A BioMath view of critical thresholds and tipping

September 27, 20124:00 PM – 5:00 PM

Druckenmiller Hall, Room 020

BIOLOGY DEPARTMENT WEEKLY SEMINAR SERIES

Mary Lou Zeeman, R. Wells Johnson Professor of Mathematics, "*A BioMath view of critical thresholds and tipping*"

Research Interests:

Geometric dynamical systems, mathematical biology, population dynamics, neuroendocrinology and hormone oscillations, hypothalamus-pituitary interactions, climate modeling and sustainability

Mathematics Department Seminar - Jonathan Lubin

October 23, 20124:15 PM – 5:15 PM

Searles Science Building, Room 217

"The Cantor Set: Source of Surprises, Unlikely Constructions and Counterexamples". ABSTRACT: The Cantor Set is a subset of the unit interval of the real line that gives us many counterexamples to plausible propositions, and examples of interesting phenomena. One surprising use of this set is to define a space-filling curve, that is a continuous map of the unit interval onto the unit square, or indeed onto any convex compact subset of n-dimensional space.

Christie Lecture: "The Pythagorean Theorem Seen from a More Modern Viewpoint" by Jonathan Lubin Oct. 23

October 23, 20127:30 PM – 8:30 PM

Searles Science Building, Room 315

Jonathan Lubin, Professor Emeritus from Brown University, will present the Dan E. Christie Mathematics Lecture on Tuesday, October 23, at 7:30 pm in Searles Science Building, Room 315. The title of his talk is "The Pythagorean Theorem Seen From A More Modern Viewpoint."

Professor Lubin provided the following abstract of his talk:

The Pythagorean Theorem is one of the triumphs of Greek mathematics from around the time of Euclid. They thought of it purely geometrically, speaking of the areas of squares built on the three sides of a right triangle, but we have the advantage of algebra, and express the Theorem in the equation a^{2}+b^{2}=c^{2}, where the three letters represent the lengths of the two legs and the hypotenuse of any right triangle. The most interesting examples of a^{2}+b^{2}=c^{2} are where a,b,c are whole numbers-then a,b,c form a Pythagorean triple. The standard example that comes up again and again in geometric examples is a=3, b=4, c=5, and there are a few others thrown at high-school students. But in fact there are infinitely many essentially different Pythagorean triples.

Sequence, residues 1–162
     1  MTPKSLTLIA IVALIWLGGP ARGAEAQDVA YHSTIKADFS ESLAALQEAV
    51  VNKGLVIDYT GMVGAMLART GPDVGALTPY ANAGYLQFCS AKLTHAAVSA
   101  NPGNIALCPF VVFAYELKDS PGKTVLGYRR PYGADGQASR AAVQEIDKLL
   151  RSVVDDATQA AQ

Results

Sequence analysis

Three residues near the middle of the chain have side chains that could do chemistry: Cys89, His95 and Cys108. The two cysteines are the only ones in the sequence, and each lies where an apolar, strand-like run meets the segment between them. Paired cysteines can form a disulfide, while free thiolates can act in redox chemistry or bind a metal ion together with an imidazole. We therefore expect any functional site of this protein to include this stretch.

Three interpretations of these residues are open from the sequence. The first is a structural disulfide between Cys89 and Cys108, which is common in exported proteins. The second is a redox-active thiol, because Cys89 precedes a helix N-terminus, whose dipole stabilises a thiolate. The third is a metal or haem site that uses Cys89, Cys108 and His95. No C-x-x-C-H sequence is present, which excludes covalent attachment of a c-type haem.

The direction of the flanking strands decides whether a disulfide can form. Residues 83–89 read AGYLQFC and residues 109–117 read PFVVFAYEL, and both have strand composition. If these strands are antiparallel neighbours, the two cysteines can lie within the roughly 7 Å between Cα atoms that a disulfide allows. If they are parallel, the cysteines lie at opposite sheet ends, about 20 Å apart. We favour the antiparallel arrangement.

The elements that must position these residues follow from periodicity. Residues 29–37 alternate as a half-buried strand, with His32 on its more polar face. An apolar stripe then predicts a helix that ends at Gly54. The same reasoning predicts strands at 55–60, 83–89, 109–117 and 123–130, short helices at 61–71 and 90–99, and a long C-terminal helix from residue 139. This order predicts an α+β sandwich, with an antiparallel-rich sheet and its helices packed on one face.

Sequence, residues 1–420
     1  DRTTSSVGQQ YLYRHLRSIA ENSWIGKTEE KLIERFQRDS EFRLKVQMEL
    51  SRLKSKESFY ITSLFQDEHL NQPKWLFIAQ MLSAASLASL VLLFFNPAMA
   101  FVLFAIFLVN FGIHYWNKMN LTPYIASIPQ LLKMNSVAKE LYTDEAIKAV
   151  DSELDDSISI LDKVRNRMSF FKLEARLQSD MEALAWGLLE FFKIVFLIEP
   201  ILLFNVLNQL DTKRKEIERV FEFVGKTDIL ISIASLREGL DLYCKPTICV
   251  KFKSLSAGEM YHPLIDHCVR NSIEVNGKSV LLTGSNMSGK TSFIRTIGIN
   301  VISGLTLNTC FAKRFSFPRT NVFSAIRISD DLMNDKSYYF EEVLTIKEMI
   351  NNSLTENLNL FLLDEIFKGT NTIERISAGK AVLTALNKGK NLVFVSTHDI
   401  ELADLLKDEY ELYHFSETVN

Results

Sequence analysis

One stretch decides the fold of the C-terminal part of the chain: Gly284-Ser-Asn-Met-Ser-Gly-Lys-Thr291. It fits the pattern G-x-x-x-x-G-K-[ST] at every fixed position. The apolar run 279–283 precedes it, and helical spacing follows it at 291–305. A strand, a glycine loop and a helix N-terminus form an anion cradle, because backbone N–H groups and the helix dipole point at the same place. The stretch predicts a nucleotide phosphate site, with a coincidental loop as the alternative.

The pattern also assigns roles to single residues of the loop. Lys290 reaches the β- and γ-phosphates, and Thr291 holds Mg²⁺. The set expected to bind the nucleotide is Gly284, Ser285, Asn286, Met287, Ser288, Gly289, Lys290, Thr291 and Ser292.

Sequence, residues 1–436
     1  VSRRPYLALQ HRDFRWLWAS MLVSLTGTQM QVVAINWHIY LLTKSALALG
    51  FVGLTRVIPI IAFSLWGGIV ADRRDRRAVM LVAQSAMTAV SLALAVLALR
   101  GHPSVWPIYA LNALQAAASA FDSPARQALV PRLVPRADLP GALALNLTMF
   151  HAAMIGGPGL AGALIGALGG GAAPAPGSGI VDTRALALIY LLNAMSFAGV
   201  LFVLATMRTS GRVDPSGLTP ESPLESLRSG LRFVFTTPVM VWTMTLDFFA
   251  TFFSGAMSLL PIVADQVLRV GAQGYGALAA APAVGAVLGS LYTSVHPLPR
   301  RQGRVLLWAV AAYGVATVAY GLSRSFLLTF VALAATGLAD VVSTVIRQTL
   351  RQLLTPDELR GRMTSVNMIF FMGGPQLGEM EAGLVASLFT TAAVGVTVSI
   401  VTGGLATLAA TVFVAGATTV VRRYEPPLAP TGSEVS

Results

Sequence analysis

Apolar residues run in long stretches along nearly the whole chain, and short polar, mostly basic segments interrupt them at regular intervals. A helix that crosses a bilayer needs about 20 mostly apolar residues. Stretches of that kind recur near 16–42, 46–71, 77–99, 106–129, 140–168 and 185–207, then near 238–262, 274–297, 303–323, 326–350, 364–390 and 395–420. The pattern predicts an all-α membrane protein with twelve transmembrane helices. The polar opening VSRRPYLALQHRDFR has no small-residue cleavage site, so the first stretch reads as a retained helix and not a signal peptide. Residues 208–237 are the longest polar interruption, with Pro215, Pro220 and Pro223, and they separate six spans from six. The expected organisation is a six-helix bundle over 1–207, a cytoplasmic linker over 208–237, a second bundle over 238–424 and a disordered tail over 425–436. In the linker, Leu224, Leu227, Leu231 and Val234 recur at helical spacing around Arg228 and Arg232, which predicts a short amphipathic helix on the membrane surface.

The Hellenistic-period mathematician Diophantos gave a formula for finding them all, expressed in the cumbersome non-algebraic language of the time, and there is some evidence that the Babylonians about two millennia earlier had pretty much the same information. More modern methods, now taught in all our high schools, allow a clear and understandable method not only to find Diophantos' formulas, but to see why they hold.

Mathematics Department Seminar - Jonathan Lubin

October 24, 20124:15 PM – 5:15 PM

Searles Science Building, Room 217

"Elliptic Curves: A Corner of Mathematics That Became Central". ABSTRACT: The study of elliptic curves sits at the junction of Number Theory and Algebraic Geometry. The field was dormant for a time after an explosion of activity in the nineteenth century, but the Theorem of Mordell, in 1922, about the algebraic structure of the group of rational points of an elliptic curve, stimulated more research, which took flight from the 1960's on. The field provided an essential ingredient to the final proof of Fermat's "Last Theorem", and elliptic curves are being used in some of the most active areas of today's research, for instance they have furnished a tool for attempting to factor the immense composite numbers that are used for many public-key codes. The field has gotten so large and so active that in this talk, it will be possible only to give a taste of the ideas and methods that are encompassed.